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Yeasts are unicellular micro-organisms that are used with some fermentation processes in the food industry, for example the production of bread and beer. In general, yeasts are converted into alcohol, water, carbonic acid and aromas during the fermentation process. With the production of bread the alcohol evaporates during the baking process.
The consumption of yeast differs widely around the world. In countries where rice is the primary food, no yeast is consumed. In Europe and the US each resident consumes 2 kg yeast per year.
The production process mentioned below gives a description of the production of bakery yeast. Bakery yeast consists of cells of the division Saccharomyces cerevisisiae.
Production process of yeast
Dissolving and settling
A basis with a high sugar content is necessary as raw material for the production of yeast. For this molasses is used. This is a by-product of sugar production. In the first place a suspension is made of the molasses with water. Afterwards the suspension is settled down: large particles are removed from the molasses so that a molasses solution is obtained.
The production of yeast is a fermentation process. When food is fermented it should not contain other micro-organisms. These micro-organisms would influence the growth of the desired micro-organisms (yeast). In this way, a competing flora may predominate so that no or little yeast is produced. The consequence is an impure yeast and a low efficiency. By sterilizing all vegetative micro-organisms and spores are killed so that no competing flora is present. Besides, it is important that all equipment that is used in the process is cleaned and sterilized before it is used, see also EHEDG
The sugar solution is cooled down to 33°C. This is the best growth temperature of the yeast.
To improve the growth aiding agents are added, for example nutritional salts and acids.
During this phase the graft of the division Saccharomyces cerevisisiae is also added. A graft consists of a very pure and concentrated mass of the desired division.
For several days the yeast is given time for multiple duplication. To make the growth as beneficial as possible the temperature is kept constantly at the right lvel. In order to grow the micro-organism requires oxygen. Therefore, sterile air is constantly brought into the solution. Yeasts can also survive anaerobic, but the growth will be negligible.
Sometimes extra nutrition, like sugar, is added during the fermentation process.
If the largest part of the sugars is consumed the yeast cannot properly duplicate itself. In order to prevent damage to the yeasts when harvesting the fermentation is ended. No more oxygen is added and the temperature is not regulated anymore. After the fermentation process the yeasts are separated from the solution by means of a centrifuge. The sugar free molasses is transported for further processing for the fodder industry. The mass with a high yeast content is purified.
Purification occurs by bringing the mass through a centrifuge several times. Again, the waste matter can be processed for the fodder industry. The purified yeast can be processed in such a way that it can be used as fresh yeast or as active dry yeast. Both processed are described below.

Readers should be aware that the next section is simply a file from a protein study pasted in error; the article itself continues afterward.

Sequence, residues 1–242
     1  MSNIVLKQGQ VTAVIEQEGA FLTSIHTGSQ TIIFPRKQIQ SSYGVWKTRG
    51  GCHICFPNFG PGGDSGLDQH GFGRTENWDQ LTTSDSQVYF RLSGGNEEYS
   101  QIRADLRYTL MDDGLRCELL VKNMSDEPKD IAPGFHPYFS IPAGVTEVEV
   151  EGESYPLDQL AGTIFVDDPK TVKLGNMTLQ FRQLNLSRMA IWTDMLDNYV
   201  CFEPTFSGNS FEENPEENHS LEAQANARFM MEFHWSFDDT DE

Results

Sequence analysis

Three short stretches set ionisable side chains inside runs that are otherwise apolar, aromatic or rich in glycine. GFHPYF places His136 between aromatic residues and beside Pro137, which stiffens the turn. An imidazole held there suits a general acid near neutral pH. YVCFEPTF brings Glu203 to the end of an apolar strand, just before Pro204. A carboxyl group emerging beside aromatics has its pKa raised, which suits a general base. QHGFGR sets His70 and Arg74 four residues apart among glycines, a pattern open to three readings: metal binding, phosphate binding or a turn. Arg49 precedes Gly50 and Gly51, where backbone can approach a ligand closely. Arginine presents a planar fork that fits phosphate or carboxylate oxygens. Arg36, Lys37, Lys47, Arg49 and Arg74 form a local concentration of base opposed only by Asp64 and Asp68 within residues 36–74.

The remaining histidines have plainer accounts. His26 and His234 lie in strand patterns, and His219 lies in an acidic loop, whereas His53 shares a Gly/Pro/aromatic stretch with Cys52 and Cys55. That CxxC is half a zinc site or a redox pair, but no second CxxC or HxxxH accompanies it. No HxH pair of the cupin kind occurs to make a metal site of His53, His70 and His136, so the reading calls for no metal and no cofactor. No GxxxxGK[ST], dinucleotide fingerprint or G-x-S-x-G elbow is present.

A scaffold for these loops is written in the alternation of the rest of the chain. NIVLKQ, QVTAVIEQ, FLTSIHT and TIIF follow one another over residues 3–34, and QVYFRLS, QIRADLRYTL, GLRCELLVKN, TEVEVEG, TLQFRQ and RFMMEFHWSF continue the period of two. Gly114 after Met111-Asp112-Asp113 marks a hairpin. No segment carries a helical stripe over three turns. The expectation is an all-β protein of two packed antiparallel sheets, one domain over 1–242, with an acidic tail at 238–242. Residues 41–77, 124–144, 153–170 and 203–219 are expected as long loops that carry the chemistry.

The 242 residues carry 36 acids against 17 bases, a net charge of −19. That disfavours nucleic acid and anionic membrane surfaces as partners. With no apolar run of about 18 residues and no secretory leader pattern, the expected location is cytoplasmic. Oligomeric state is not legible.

For the production of fresh yeast the yeast is first concentrated by means of a vacuum filter. The product is brought under a vacuum and past a filter. The filter has such small holes that the yeast cells cannot get through them. In this way, a large part of the water with the salts and acids is removed from the mass. A concentrated and relatively solid mass remains.
Cooling and pressing
The yeast mass is cooled and pressed. Due to the cooling process the consistency of the product increases. For the storage life of the product it has to be cooled down to 3°C at most in order to avoid the growth reinfection. During the pressing process, by means of extrusion
, the yeast cells are pressed in a block shape. The yeast blocks are produced in two different sizes.
The blocks are packed in waxed paper and stored at a temperature of 3°C at most. Fresh yeast has a storage life of a week if it is stored in a cool place.
Active dry yeast
In order to produce active dry yeast the yeast is concentrated by means of inverted osmosis, which is also called micro-filtration. By means of high pressure water with small dissolved salts is pressed through a filter. A concentrated yeast mass is left behind.
The concentrated yeast mass is dried by means of fluid bed drying. This means that a layer of the product is placed on a conveyor. Subsequently hot air is blown over the product. Because of the air blown through the product the mass does not remain a static layer but is moving. In this way grains of dry yeast are formed. This way of drying is chosen because the temperature is not very high during this process so that the yeast cells do not get damaged but remain active.
The dried yeast can possibly be stored in silos before it is packed. With fresh yeast interim stocking is almost impossible.
The dried grains of yeast are packed in synthetic foil bags. By packing with inert gas the storage life of the yeast grains is better guaranteed. Dried yeast has a storage life of several months.
Yeasts are unicellular micro-organisms that are used with some fermentation processes in the food industry, for example the production of bread and beer. In general, yeasts are converted into alcohol, water, carbonic acid and aromas during the... volle Beschreibung